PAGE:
• avatar
    Steven T.

    I could use a versatile vehicle like the Aztek, and might have looked past its sheer ugliness if it had excellent reliability. Didn’t happen. Honda can get away with offering overpriced and ugly products; GM can’t.

    Good article.

  • avatar
    memikeyounot702

    To Glenn, regarding the South Korean Ssangyong Rodius pictures; while it’s grill IS odd, if you look at the side design, it looks a lot like the new Honda CR-V. Which as we know is the BEST LOOKING Honda ever made.(in my best sarcastic voice)

  • avatar
    Blunozer

    Anybody else notice that the Honda Element did everything that the Aztek was supposed to do, only better and for less money?

    Oh, and it also had available AWD from its first day of sale.

  • avatar
    jaje

    I see the Aztek as a capable vehicle but it was so poorly distinguised from the other minivans and that terrible Pontiac ribbed for her pleasure looks. I kinda rooted for it b/c it gave those SUV owners who never needed a real SUV an option. In fact I looked at a used Aztek when I was shopping for a daily driver that also was a good vehicle to camp out of when I went to the racetrack (save’s 1000′s a year on hotel costs).

    After being intrigued with a flexible interior, I then looked into the Element (another funky looking but much cleaner design – I dubbed it the bread van). There was a lot of practical innovation that caught my eye, it got the same mpg and same driving performance as the larger Aztek, but the seating was configurable and easily affixed to the side (to haul engines, home depot runs, etc.) If it got dirty from my kid spilling food or dirt I got out a leaf blower and in 2 minutes the inside was nice and clean and ready for a simple wipe down.

    To set these 2 apart…Honda made this car unique and far stretched from it’s CR-V roots (GM did very little). Honda also added a lot of innovation (where GM did some innovation nothing was ground breaking). It became a choice of an outdoorsy minivan or a unique looking breadvan. Plus a loaded Element was $20k out the door versus a new Aztek that cost $5k-10k more. Neat link on a Top Gear Review on the Element (test to see if old people liked the Element) http://www.youtube.com/watch?v=gnZBoqWK7kw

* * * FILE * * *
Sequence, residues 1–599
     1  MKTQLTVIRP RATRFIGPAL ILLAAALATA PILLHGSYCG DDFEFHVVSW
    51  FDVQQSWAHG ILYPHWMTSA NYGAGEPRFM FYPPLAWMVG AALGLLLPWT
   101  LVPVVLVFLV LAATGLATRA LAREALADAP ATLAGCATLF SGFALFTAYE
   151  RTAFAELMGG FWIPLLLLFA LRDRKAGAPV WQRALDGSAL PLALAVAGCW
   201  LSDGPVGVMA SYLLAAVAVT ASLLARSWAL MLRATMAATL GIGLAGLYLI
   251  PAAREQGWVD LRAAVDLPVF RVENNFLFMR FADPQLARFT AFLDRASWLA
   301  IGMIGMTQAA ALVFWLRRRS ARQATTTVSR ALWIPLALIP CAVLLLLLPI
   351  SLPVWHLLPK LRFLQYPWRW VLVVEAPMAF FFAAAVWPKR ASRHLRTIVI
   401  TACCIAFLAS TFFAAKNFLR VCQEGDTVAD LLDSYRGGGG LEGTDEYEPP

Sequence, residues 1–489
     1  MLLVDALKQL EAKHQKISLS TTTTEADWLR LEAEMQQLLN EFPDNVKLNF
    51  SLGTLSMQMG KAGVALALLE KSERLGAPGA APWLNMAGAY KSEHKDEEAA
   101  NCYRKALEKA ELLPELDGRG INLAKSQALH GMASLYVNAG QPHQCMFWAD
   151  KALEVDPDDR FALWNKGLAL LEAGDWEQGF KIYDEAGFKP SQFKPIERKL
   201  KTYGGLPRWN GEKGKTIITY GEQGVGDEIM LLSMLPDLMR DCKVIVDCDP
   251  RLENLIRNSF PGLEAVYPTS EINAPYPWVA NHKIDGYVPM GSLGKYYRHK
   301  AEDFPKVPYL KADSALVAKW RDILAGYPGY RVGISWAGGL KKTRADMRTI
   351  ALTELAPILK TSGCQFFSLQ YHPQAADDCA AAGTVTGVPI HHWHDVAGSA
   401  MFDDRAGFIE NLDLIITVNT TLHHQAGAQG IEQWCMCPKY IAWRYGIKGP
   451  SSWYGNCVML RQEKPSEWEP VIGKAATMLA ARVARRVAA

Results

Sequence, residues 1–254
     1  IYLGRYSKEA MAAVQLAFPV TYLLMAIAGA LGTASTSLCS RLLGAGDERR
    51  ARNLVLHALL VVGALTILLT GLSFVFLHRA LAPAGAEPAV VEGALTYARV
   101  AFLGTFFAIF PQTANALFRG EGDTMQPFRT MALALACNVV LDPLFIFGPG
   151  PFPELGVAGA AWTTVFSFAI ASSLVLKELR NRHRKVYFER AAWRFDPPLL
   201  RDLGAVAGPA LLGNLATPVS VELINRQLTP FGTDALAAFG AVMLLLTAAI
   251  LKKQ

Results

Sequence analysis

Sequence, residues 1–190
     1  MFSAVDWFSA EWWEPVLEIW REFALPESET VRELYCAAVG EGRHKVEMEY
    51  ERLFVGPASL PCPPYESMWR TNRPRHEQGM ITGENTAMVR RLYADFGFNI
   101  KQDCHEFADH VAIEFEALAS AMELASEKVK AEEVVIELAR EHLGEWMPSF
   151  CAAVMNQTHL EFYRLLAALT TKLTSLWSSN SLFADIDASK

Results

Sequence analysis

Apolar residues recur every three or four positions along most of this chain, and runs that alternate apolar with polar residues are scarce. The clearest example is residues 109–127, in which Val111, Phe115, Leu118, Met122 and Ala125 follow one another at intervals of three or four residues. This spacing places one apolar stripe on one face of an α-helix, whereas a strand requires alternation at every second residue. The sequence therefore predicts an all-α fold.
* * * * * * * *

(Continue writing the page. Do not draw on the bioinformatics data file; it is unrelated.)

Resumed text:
• avatar
    rheath2

    Interesting article.

    I worked a part-time job for a local Chevy/GMC/Buick dealer a few summers ago before they got into Pontiac and Cadillac. I used to be one of the vehicle delivery drivers if we ever had a trade another dealership wanted to make and so I’d either drive it to the other dealer or just ride along for the trip. Once we had to deliver an Aztek. Of all my issues with this vehicle, I have one, and hopefully some Aztek owners will be able to answer:

    How do you look backwards in it, and see what’s behind you? (When we had to back up out of a gas station, it took both side mirrors and one of us outside directing the driver which way to go.)

  • avatar
    whitenose

    I think the Edsel Ford reference is stretching it a bit. He was more or less directly responsible for everything good that came out of Ford between the Model T and the arrival of Henry Ford II. The Aztek can’t make any such claim.

    As for Edsel, the division of Ford, GM’s Edsel is basically everything coming out of Pontiac and Buick except the Solstice.

  • avatar
    William C Montgomery

    A brave position to take. A agree that a company cannot penetrate a crowded market segment with a high-margin product.

    However, this sukka was irredeemably UGLY. Ugly cars can only survive if they offer off-the-charts performance that redefine beauty. The Aztek simply did not have this. Yes, this poor creature, which my kids call the “pigmobile,” had its novelties but they were inadequate to compensate for its debilitating looks.

  • avatar
    GS650G

    When a car was described on TTAC as ” styling by Aztec” the rice was cooked. Only a coke induced coma could have thought this was a car someone would be proud to spend 30K on and be seen with. I hope I never get hit by one, the embarrassment would be too much/